Given increases in cyberbullying, should teachers be allowed to violate First Amendment rights of students by searching cellphones, lockers, etc.?

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pohnpei397 eNotes educator| Certified Educator

First of all, it is important to note that searching a locker or a cell phone does not really bring up First Amendment issues.  Instead, such searches have to do with the Fourth Amendment.  The First Amendment comes into play when we decide whether to punish students for certain types of speech.  In this case, the issue would be whether cyberbullying is a form of free speech.  There are two possible issues, then: does the 4th Amendment allow teachers or other school officials to search lockers and cell phones and does the 1st Amendment allow schools to punish students for cyberbullying?

The answer to both of these questions is in some ways a matter of personal opinion.  On the second question, you have to decide for yourself is whether cyberbullying disrupts the educational environment.  On the first, you have to decide whether searches of lockers and cell phones are reasonable in the given circumstances.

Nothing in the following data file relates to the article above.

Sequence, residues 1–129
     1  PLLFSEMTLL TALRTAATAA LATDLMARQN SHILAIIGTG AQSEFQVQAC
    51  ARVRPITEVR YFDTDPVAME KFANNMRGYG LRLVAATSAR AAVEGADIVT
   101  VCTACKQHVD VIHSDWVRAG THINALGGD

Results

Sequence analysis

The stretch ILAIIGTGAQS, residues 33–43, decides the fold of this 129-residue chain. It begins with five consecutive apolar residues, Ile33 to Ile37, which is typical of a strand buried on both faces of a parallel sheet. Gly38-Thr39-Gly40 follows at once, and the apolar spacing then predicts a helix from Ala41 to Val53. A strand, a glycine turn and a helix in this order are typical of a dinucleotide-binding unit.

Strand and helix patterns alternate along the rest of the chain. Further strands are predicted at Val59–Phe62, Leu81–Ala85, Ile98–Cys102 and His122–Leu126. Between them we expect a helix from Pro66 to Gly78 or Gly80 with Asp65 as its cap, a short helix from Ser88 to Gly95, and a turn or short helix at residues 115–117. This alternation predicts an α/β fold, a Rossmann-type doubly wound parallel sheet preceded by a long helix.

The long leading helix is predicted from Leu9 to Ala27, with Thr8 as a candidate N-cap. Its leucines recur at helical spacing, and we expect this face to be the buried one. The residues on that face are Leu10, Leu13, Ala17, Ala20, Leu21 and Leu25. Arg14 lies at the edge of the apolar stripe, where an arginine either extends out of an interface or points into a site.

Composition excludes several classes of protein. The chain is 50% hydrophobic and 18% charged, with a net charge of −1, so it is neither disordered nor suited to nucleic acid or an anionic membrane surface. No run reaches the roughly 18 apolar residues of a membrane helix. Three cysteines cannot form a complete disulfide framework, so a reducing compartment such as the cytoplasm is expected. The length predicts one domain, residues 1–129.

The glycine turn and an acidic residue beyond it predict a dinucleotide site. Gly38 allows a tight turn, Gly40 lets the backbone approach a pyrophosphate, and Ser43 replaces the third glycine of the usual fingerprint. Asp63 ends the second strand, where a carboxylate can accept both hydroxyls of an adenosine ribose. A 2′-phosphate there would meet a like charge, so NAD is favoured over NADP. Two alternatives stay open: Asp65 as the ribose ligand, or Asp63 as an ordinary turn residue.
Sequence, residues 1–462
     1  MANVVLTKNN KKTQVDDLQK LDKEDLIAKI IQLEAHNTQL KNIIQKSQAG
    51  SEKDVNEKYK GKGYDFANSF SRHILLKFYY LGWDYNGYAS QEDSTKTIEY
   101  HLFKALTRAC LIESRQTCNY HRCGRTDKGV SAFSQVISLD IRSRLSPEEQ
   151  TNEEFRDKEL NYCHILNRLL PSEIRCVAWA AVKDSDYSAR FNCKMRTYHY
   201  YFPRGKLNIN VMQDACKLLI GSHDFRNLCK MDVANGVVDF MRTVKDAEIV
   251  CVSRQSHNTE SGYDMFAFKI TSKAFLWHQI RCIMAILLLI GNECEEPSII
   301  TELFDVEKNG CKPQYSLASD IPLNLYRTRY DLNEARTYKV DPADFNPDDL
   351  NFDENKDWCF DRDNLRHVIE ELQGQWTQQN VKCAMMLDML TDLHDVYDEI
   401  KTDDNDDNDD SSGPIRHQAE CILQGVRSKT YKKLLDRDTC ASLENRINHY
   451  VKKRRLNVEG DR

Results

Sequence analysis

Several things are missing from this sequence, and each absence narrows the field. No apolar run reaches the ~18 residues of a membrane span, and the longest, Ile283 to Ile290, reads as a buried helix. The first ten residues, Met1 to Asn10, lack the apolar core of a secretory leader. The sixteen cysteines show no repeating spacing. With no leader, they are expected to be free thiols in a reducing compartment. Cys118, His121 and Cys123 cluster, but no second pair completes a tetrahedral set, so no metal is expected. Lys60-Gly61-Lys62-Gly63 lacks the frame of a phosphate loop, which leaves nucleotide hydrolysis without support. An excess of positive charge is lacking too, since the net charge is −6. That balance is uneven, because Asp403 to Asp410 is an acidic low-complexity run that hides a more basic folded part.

Public school students have the right to free speech, but schools have the right to maintain an environment that is conducive to education.  Schools may therefore ban speech that disrupts education or that goes against what the school is trying to teach.  This is why, for instance, schools can ban t-shirts with pro-drug or alcohol messages.  The question you have to answer, then, is whether cyberbullying disrupts the educational environment enough to warrant depriving students of their right to free speech (in other words, their right to say mean things to one another over social media).

Public schools also have the right to search students’ possessions in more circumstances than police can.  School officials do not need probable cause or a warrant to conduct a search.  Instead, they have to have a reasonable suspicion that someone has violated the rules.  If they have a reasonable suspicion, the search has to be reasonable in its extent.  In other words, it cannot be any more intrusive than it has to be.  So what you have to decide is whether searching a cell phone is excessively intrusive if there is good reason to suspect that someone has been bullying someone else online.